Leveson on Europe

I had missed this, but am grateful to @dicknieuwenhuis on Twitter for flagging up a piece by Conor Brennan on the Business New Europe blog (which I had not previously heard of) quoting the Leveson report. The relevant paragraphs, in full:

9.53 Articles relating to the European Union, and Britain’s role within it, accounted for a further category of story where parts of the press appeared to prioritise the title’s agenda over factual accuracy. On Europe, Mr Campbell said:

“Several of our national daily titIes – The Sun, The Express, The Star, The Mail, The Telegraph in particular – are broadly anti-European. At various times, readers of these and other newspapers may have read that ’Europe’ or ’Brussels” or ’the EU superstate’ has banned, or is intending to ban kilts, curries, mushy peas, paper rounds, Caerphilly cheese, charity shops, bulldogs, bent sausages and cucumbers, the British Army, lollipop ladies, British loaves, British made lavatories, the passport crest, lorry drivers who wear glasses, and many more. In addition, if the Eurosceptic press is to be believed, Britain is going to be forced to unite as a single country with France, Church schools are being forced to hire atheist teachers, Scotch whisky is being-classified as an inflammable liquid, British soldiers must take orders in French, the price of chips is being raised by Brussels, Europe is insisting on one size fits all condoms, new laws are being proposed on how to climb, a ladder, it will be a criminal offence to criticise Europe, Number 10 must fly the European flag, and finally, Europe is brainwashing our children with pro-European propaganda! Of the UK press and the European institutions – I speak as something of a Eurosceptic by Blairite standards – it is clear who does more brainwashing. Some of the examples, may appear trivial, comic even. But there is a serious point: that once some of our newspapers decide to campaign on a certain issue, they do so with scant regard for fact. These stories are written by reporters, rewritten by subs, and edited by editors who frankly must know them to be untrue. This goes beyond the fusion of news and comment, to the area of invention.”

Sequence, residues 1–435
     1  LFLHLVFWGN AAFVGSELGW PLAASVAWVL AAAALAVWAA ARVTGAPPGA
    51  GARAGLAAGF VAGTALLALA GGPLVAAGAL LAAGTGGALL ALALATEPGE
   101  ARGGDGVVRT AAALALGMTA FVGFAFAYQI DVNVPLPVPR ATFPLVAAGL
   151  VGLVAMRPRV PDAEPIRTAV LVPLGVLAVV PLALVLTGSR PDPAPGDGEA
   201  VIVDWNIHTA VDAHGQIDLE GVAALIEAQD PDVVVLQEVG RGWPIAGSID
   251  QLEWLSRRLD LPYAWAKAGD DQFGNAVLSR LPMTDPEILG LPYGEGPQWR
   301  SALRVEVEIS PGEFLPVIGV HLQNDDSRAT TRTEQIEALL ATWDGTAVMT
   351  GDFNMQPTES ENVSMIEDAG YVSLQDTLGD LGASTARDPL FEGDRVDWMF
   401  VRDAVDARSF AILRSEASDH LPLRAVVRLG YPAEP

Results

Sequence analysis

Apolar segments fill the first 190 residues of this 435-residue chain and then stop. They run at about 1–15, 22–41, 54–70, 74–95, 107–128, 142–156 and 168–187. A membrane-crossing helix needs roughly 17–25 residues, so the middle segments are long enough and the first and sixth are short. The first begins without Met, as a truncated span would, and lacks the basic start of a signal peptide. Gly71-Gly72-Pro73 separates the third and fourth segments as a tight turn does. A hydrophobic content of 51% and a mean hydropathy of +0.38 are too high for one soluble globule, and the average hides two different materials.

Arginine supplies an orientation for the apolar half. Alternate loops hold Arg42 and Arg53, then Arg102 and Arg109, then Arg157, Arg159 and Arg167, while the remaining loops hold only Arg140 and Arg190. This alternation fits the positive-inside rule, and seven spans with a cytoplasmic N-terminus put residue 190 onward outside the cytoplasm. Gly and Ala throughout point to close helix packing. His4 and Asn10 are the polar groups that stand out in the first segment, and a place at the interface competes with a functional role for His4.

9.54 Although Mr Campbell’s evidence may have been exaggerated for effect, there is certainly clear evidence of misreporting on European issues. Mr Campbell drew attention to a Daily Mail story claiming that “the EU” was going to ban grocers from selling eggs by the dozen, followed by a story that there had been a U-turn and the ban would no longer take place. The reality is that there had never been a ban proposed and the original story was based on a deliberate or careless misinterpretation of EU proposals.

Full Fact drew attention to a number of further ‘anti-EU’ stories which misrepresented facts, including a Daily Express report on EU plans to ‘ban’ plastic shopping bags, when the reality was that a consultation had been launched to explore a variety of options, including a potential ban, for reducing waste from plastic bags.

9.55 The factual errors in the examples above are, in certain respects, trivial. But the cumulative impact can have serious consequences. Mr Blair explained that the misinformation published about Europe by some parts of the press made it difficult for him to adopt particular policies or achieve certain political ends in Europe that he might otherwise have done. He said:

“My distinction is between that and how you actually report the story as a piece of journalism. So if you take the issue to do with Europe, what I would say is that those papers who are Eurosceptic are perfectly entitled to be Eurosceptic. They’re perfectly entitled to highlight things in Europe that are wrong. What they shouldn’t do is, frankly, make up a whole lot of nonsense about Europe and dish that up to the readers, because that’s – I mean, how does the reader know that’s not correct?”

9.56 That, ultimately, is the foundation of the criticism made in this section: there can be no objection to agenda journalism (which necessarily involves the fusion of fact and comment), but that cannot trump a requirement to report stories accurately. Clause 1 of the Editors’ Code explicitly, and in my view rightly, recognises the right of a free press to be partisan; strong, even very strong, opinions can legitimately influence the choice of story, placement of story and angle from which a story is reported. But that must not lead to fabrication, or deliberate or careless misrepresentation of facts. Particularly in the context of reporting on issues of political interest, the press have a responsibility to ensure that the public are accurately informed so that they can engage in the democratic process. The evidence of inaccurate and misleading reporting on political issues is therefore of concern. The previous approach of the PCC to entertaining complaints only where they came from an affected individual may have allowed a degree of impunity in this area: in the context of misleading reporting on political issues, representative bodies are likely to be far better placed to monitor, and complain about, inaccuracies.

Leveson is, in fact, wrong about Alastair Campbell; he was not exaggerating at all.